How To Become A Veterinary Technician

Veterinary technicians are commonly referred to as vet techs. They play a very important role in veterinary hospitals, zoos, rescue leagues and boarding kennels. Their main task is to provide assistance to the specialist veterinarian with various tasks that may include taking X-rays, setting broken bones, conducting blood tests, taking temperatures and other things as required for the treatment and healthcare of animals.

How To Become A Veterinary Technician

In order to become a veterinary technician, you have to go through intensive training. Following is a brief rundown on some of the basic steps you must follow before, during and after joining a veterinary school.

Tips to become a Veterinary Technician

Academic Qualifications

In order to enroll in a veterinary technician training program, you must first complete an associate’s degree or at least a certificate program in a related subject like humanities, biology, chemistry and microbiology.

Join a Veterinary Technician Training School

Veterinary schools offer an array of courses for vet techs, such as 4-year degree, 2-year associate degree and even short-term certificate programs in veterinary technology. To maximize your opportunities, you should go for the 4-year degree program. This is especially all the more important for those who want to work as a vet tech in research laboratories. Distance learning programs are also available.

How To Become A Veterinary Technician

If you are considering enrolling in such programs, make sure they are dully accredited by AVMA (American Veterinary Medical Association). Whether you go for traditional programs or distance learning programs, in either case, you will have to complete an internship at a local veterinary hospital or clinic before you can apply for your first job as a veterinary technician. This internship is also termed as preceptorship or clinical component.

During the internship, you work under the supervision of an experienced veterinarian and get an opportunity to perform various laboratory procedures, such as dental cleanings, drawing blood and other such things. This hands-on training helps you to improve your clinical skills.

Basic Certification

In most states, obtaining a certification is legally mandatory for veterinarian technicians. To obtain it, you have to appear and pass the National Veterinary Technician Exam (NVTE) and a state-specific certification exam. While many states issue a certificate on the basis of your performance in NVTE only, other states require you to pass an additional certification exam also.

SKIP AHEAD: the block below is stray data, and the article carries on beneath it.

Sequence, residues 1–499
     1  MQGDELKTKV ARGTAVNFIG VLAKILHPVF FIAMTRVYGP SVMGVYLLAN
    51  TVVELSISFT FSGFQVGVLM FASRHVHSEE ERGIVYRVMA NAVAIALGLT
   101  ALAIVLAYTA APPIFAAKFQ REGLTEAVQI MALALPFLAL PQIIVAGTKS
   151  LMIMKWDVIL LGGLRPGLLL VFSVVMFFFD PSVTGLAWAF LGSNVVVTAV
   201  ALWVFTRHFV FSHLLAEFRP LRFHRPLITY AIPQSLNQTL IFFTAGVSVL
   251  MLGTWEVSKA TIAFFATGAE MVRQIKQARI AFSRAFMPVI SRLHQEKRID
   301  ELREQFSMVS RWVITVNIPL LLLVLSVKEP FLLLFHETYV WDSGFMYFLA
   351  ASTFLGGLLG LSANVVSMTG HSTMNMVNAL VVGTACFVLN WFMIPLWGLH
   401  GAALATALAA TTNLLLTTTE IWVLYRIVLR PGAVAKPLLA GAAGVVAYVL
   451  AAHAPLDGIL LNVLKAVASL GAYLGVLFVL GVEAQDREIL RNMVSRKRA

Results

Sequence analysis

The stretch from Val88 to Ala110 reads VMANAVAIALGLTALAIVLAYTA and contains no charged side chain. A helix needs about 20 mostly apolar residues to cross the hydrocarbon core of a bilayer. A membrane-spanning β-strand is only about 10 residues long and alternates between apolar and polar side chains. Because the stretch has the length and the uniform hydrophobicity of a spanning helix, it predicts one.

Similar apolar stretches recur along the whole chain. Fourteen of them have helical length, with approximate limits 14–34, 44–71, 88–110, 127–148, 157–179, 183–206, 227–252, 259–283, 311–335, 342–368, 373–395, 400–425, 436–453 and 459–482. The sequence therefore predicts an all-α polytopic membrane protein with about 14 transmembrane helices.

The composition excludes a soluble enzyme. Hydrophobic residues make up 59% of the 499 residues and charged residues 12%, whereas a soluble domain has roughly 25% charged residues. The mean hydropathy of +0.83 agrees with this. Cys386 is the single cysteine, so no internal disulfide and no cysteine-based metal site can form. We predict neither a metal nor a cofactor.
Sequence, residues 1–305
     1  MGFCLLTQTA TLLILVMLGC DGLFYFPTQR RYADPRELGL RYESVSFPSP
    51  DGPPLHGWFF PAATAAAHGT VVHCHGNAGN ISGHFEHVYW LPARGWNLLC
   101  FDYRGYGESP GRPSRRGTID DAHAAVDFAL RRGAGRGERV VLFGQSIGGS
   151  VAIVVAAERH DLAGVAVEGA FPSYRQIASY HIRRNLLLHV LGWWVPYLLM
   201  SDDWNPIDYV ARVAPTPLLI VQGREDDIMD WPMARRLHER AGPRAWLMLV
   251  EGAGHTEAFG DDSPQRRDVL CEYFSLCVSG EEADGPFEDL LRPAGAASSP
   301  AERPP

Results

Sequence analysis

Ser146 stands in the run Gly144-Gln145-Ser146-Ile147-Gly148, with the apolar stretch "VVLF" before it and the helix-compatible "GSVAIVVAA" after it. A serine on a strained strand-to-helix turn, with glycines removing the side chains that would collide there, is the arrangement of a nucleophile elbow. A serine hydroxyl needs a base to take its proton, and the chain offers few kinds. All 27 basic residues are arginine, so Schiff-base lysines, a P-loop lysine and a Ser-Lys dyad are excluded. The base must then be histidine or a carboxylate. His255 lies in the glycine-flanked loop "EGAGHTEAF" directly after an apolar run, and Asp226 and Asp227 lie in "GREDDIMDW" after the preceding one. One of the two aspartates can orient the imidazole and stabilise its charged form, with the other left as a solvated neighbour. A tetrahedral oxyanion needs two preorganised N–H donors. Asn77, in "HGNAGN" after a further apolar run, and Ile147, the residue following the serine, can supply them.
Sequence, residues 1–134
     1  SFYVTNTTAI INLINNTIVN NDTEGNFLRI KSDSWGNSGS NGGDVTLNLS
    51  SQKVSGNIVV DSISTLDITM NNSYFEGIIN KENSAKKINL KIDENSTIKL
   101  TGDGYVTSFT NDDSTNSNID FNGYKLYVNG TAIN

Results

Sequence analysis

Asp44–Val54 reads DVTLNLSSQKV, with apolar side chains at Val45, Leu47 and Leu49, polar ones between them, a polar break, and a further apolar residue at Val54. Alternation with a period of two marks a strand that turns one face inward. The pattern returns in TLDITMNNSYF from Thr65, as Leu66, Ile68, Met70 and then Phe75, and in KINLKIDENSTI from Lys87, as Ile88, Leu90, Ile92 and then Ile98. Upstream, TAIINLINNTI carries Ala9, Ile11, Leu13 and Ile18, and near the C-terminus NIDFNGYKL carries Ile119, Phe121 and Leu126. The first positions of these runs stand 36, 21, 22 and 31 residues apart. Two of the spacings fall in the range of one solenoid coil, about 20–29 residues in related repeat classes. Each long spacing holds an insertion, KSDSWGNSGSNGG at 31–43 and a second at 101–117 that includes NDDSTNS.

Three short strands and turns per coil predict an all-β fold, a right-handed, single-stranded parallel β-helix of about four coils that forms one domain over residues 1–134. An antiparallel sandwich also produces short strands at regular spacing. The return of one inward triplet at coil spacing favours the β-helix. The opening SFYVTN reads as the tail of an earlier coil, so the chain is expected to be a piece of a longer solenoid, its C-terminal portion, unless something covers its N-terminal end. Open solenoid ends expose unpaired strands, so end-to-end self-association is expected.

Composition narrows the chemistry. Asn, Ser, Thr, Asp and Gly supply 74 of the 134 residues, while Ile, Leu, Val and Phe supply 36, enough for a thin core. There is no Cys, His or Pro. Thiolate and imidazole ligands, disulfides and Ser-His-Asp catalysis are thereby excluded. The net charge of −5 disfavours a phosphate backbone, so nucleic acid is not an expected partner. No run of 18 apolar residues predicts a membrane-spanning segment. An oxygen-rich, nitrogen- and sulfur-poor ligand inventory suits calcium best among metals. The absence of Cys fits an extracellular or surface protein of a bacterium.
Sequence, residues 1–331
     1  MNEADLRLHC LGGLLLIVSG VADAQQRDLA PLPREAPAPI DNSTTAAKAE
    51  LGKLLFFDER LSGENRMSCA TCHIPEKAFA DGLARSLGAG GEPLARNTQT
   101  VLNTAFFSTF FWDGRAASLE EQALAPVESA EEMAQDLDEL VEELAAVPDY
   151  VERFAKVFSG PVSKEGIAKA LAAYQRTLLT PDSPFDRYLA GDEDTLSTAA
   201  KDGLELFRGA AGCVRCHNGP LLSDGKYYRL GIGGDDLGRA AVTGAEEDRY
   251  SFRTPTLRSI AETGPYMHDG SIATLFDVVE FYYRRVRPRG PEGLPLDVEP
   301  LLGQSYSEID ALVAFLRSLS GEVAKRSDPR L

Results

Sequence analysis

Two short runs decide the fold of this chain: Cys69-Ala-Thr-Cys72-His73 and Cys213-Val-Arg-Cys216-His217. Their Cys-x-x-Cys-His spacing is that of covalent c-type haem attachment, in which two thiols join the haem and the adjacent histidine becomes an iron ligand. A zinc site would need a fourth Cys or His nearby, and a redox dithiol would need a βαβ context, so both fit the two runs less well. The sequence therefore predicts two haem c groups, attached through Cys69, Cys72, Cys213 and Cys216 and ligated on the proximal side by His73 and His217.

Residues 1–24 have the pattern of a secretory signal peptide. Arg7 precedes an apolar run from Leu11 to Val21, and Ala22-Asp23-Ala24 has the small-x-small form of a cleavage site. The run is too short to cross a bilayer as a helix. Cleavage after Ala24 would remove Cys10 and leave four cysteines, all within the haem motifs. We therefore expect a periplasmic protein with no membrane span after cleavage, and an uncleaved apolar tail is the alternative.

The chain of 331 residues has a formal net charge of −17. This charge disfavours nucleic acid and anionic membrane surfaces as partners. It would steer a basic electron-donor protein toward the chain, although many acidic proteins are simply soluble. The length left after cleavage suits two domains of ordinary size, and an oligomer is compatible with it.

Finding a Job

Most veterinary training schools offer placements for their successful students.

How To Become A Veterinary Technician

So, after you have obtained your degree, completed the hands-on training and obtained a certification, you can easily find a veterinary technician job through your college’s career placement office. Alternatively, you can look for job vacancies advertised in newspapers and apply directly.

Advanced Certification

Advanced certifications are required for those who want to make a career in a specific field in veterinary medicine. For example, if you want to work in research settings, you will first have to gain at least two years of relevant experience. Then, you will have to pass a specialty certification exam, conducted by the AALAS (American Association for Animal Science).

Likewise, the eligibility requirements to work as a specialist vet tech in veterinary emergency and critical care include completing 25 hours of advance training program, gaining three years of relevant experience and passing a certification exam conducted by the AVECCT (Academy of Veterinary Emergency And Critical Care Technicians.

Other areas of specialization include clinical pathology, surgery, dentistry, biomedical research, avian medicine and zoo keeping. In order to become a successful veterinary technician, you must also posses certain basic skills. For example, you must be a genuine animal lover and passionate about improving animal welfare.